As far as kid’s party registries go-TACKY! We did register for our wedding, because that is what you do in the south, but I did not let any shower hostesses print the places on any shower invites (my grandmother would have rolled over) and only those who asked were told the 2 stores where we did a registry. It was fun to do the registry, but we did not expect gifts from anyone and those who did give a gift got a well thought out personal thank you note from me.

If you guys think Diane is cruel, my mom would not let us play with our Christmas toys from others until out Thank you notes were written (at the age of 34 I am very thankful for that). I think Diane’s philosophy is great and it does ensure each thoughful gift gets proper play time.

lmno

October 8th, 2009
10:29 am

I know its for the kids, but does any adult here actually enjoy going to a kids party?

Like at a bouncy place or chuck e. cheese?

Honestly, it actually is a total nightmare. If I die and go to hell, I am sure that there will be animatronic animals singing in chipmunk voices over and over and over again while children sream at the top of their lungs.

Parents would do well to offer the adults something at their parties. I usually do a BBQ and serve beer and wine while the kids eat their pizza and ice cream and stuff.

If you are planning a party for your child and you want to make it a special day for them, and you realize that other parents are really sacrificing their one day a week away from the toils of work to make your child’s day special, the least you could do is offer them a beer.

barbara

October 8th, 2009
10:30 am

I think this is a great idea, redardless of the economy. The parents most likely are buying the child gifts, so they will have something to open. What is the problem here? Kids are so spoiled, they will live without a stack of presents! Shame on everyone who brought a gift and did not respect the hostess’ wishes and blatant request.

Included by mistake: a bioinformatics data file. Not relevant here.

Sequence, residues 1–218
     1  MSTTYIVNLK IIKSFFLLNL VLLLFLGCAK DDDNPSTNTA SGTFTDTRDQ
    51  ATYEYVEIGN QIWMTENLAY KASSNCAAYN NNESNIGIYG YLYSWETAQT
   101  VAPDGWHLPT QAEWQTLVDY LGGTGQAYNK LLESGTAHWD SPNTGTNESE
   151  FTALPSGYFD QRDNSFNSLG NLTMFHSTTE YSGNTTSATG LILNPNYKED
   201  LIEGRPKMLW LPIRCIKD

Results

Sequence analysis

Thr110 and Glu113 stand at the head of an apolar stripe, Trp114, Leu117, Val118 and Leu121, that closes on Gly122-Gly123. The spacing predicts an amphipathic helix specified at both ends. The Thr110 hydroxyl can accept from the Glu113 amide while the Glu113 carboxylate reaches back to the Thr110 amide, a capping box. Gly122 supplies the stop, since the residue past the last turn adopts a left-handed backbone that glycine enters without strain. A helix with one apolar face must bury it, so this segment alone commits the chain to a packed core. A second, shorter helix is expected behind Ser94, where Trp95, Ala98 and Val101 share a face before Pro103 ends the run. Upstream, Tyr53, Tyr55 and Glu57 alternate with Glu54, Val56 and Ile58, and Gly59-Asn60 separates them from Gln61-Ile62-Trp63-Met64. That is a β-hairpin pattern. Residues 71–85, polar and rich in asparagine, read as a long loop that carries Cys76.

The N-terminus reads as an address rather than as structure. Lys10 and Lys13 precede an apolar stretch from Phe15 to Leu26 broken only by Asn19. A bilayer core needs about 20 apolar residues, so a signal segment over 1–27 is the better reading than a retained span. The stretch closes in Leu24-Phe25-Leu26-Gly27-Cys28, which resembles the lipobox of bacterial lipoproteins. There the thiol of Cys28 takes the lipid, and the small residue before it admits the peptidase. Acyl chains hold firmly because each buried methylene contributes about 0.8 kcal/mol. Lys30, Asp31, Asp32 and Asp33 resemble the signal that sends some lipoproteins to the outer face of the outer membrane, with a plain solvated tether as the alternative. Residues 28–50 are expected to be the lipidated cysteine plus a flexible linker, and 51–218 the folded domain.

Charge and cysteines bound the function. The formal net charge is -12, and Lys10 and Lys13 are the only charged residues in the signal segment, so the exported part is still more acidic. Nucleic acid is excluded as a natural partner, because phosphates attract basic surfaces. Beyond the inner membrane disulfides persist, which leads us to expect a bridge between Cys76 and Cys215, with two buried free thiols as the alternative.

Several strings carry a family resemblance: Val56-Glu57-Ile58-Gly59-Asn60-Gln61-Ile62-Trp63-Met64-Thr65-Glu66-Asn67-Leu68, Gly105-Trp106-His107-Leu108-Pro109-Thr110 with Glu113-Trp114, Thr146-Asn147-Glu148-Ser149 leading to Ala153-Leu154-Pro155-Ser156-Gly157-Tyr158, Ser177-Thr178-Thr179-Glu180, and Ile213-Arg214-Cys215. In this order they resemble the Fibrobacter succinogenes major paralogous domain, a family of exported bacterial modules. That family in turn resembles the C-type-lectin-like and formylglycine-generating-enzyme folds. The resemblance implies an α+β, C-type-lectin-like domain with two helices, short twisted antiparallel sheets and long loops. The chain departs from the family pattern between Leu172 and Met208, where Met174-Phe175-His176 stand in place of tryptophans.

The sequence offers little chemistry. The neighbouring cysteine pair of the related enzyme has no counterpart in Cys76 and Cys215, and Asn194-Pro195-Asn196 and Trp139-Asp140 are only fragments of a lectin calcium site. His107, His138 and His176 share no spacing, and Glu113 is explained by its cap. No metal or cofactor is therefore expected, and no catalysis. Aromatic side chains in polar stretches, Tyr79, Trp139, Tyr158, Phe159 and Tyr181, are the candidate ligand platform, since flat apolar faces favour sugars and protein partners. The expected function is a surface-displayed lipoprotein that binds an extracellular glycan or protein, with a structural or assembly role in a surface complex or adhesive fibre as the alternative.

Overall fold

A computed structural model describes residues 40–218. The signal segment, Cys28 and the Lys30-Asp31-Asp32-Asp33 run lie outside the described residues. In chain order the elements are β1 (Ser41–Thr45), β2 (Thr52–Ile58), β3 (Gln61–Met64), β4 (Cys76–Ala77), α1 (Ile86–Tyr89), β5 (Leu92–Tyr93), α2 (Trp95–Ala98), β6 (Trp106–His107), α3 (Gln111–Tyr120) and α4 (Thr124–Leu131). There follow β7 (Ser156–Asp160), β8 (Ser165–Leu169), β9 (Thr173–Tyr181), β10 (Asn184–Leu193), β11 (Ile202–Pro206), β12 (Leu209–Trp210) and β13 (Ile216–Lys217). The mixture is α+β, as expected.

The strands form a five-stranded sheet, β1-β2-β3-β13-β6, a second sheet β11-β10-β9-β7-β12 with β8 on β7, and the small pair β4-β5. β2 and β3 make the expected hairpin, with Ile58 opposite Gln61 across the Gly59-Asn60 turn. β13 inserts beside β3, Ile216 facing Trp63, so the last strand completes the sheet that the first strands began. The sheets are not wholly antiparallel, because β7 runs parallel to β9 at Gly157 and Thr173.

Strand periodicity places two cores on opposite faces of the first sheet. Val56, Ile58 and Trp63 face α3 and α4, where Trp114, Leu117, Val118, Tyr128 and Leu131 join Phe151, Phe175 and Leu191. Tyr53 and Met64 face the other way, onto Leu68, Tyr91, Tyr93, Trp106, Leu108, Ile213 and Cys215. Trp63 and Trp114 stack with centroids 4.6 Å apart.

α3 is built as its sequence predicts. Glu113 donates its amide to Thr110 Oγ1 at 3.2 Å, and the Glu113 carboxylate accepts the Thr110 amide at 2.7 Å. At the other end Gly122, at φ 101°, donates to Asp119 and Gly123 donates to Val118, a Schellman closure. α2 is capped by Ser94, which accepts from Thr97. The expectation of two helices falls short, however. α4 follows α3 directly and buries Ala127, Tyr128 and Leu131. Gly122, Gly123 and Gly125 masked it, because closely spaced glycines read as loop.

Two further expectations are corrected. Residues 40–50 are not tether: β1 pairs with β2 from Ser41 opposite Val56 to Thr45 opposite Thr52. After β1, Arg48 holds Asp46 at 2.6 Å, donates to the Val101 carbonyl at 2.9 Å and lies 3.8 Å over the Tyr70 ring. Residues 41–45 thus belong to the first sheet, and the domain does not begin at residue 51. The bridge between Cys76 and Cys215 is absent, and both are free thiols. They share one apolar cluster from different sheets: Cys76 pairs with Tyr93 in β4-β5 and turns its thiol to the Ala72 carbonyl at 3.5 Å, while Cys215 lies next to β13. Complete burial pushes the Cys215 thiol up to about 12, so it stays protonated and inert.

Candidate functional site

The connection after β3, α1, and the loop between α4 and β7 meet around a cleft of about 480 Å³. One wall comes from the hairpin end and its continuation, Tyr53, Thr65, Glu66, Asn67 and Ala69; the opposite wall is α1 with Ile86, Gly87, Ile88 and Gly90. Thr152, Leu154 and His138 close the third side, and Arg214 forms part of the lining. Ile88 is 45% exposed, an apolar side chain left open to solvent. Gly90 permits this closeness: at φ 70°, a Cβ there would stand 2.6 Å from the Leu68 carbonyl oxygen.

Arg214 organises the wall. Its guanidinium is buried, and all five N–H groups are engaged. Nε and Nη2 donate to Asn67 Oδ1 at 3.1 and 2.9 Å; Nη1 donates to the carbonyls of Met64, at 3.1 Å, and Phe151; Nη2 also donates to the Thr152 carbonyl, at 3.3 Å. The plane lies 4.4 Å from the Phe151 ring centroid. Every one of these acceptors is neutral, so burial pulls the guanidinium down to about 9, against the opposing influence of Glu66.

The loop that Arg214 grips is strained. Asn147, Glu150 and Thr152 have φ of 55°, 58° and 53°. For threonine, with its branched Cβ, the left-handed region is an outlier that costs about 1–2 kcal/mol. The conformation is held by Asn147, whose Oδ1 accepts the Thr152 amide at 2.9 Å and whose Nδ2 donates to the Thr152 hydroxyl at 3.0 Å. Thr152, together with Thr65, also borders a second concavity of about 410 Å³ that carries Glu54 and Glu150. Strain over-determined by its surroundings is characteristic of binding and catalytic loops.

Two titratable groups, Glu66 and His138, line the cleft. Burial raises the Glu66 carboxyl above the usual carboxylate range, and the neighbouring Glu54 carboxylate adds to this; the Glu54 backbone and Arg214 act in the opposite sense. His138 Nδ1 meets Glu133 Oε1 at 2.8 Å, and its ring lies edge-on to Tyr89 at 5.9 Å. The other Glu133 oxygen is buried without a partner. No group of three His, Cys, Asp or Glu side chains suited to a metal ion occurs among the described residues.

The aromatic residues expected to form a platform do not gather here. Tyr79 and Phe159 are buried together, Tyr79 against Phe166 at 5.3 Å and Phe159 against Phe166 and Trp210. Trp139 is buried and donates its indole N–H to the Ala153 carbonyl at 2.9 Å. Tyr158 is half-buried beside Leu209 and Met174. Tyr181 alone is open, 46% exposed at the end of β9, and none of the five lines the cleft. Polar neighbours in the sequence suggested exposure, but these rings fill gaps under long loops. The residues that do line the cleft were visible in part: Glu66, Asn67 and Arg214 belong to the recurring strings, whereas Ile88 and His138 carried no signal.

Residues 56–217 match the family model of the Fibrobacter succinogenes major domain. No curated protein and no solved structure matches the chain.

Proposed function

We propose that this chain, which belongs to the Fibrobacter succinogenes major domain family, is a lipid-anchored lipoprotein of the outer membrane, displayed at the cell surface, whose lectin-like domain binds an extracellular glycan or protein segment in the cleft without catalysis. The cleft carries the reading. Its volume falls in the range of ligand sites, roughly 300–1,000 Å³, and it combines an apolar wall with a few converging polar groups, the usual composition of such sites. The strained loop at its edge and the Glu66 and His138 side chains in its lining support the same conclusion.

New Stepmom

October 8th, 2009
10:31 am

Uconn-you did not come off as rude. Did you see last week’s “The Office”, they dealt with that very thing.

lmno

October 8th, 2009
10:31 am

“YOU are heading for a very hectic day!”

You’re right, but I am prepared for that. I will probably smoke a whole pig in addition to the hot dogs and hamburgers. We will have several games and things. Kind of like a field day at school. Plus I will have a keg of beer.

Here is a question, since I will be inviting kids with parents that I do not know, should I specify on the invitation that alcohol will be served so that any that might be offended by that can opt out?

Uconn

October 8th, 2009
10:36 am

Thanks New stepmom – Ha … I loved last week’s episode… Can’t wait for the office tonight!!!

Glad I'm Not Diane's Kid

October 8th, 2009
10:36 am

I think the idea of not opening gifts until Thank-You notes are written is fine – it teaches manners and etiquette – things that are sadly too often missing in this day and age. However, having grandma asking little Sally how she is enjoying the Lite Brite set and having Sally answer “I don’t remember getting that” because she can’t play with it until April is a little too much. And I can really see Sally saying to her mom, “I can’t wait until my party on Saturday so I can collect some more cans for the food pantry.” Yeah, right.

lmno

October 8th, 2009
10:43 am

“And I can really see Sally saying to her mom, “I can’t wait until my party on Saturday so I can collect some more cans for the food pantry.” Yeah, right.”

Hopefully, if you have raised them correctly, they aren’t looking forward to their party so that they can receive gifts either.